Behavioral Analytics Risks Demonstrated

Published May 07, 2010 00:00 AM
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BRS Labs marketing relentlessly pushes 'behavioral analytics.' May 2010 events demonstrate the inherent risk in using such an approach.

On May 3rd, a video was released of a 'suspicious' person taking off his jacket/shirt and putting into his backpack. BRS labs immediately jumped on this, citing 'video surfacing of suspicious and abnormal behavior'.

The irony is that 'abnormal behavior' turned out not to be the terror suspect, simply a guy who was warm who stopped to remove an outer layer of clothing.

On May 7th, more 'suspicious' behavior was reported - twice in a single day. Both shut down a major metropolitan center - neither turned out to be incidents.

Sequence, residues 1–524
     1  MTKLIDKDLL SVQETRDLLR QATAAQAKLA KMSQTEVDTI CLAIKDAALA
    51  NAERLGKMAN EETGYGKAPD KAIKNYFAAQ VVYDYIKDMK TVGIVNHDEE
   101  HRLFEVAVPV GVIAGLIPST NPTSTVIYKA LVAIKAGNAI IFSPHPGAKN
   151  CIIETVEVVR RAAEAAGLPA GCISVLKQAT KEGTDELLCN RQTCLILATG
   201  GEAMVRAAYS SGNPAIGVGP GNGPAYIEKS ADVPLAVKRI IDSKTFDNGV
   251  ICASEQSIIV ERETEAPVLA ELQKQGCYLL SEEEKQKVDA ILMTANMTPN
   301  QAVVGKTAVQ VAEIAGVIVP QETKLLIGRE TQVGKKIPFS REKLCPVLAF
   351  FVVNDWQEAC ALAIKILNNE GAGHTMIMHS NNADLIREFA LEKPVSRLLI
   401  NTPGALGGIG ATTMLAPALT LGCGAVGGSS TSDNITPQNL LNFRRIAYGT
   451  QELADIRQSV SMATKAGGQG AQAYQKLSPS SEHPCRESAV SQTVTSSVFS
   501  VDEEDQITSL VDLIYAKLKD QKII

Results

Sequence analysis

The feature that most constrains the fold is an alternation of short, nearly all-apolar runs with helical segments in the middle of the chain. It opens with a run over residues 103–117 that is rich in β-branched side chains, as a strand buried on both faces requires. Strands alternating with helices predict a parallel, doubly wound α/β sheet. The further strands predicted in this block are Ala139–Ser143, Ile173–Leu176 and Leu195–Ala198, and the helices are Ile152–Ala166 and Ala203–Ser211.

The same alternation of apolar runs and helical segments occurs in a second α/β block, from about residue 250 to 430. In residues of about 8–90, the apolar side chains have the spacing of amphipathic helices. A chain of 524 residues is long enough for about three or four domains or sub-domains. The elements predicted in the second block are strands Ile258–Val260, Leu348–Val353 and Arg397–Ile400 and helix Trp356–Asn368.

Despite this, BRS Labs issued a press release the same week, declaring [link no longer available], "Video Surveillance Based Behavioral Analytics Proven to be The Missing Key to Identifying Suspicious Behavior."

Ultimately, the flaw here is not any individual vendor's technology but a fundamental inability to determine what is genuinely suspicious, especially in crowded areas where lots of people are engaging in various activities. 

This is the reason why rules are the predominant tool in video analytics. While rules limit where you can apply them, in specific scenarios (e.g., fencelines border with clear zones), high degree of accuracy is possible as what is 'right' or 'wrong' can be clearly measured.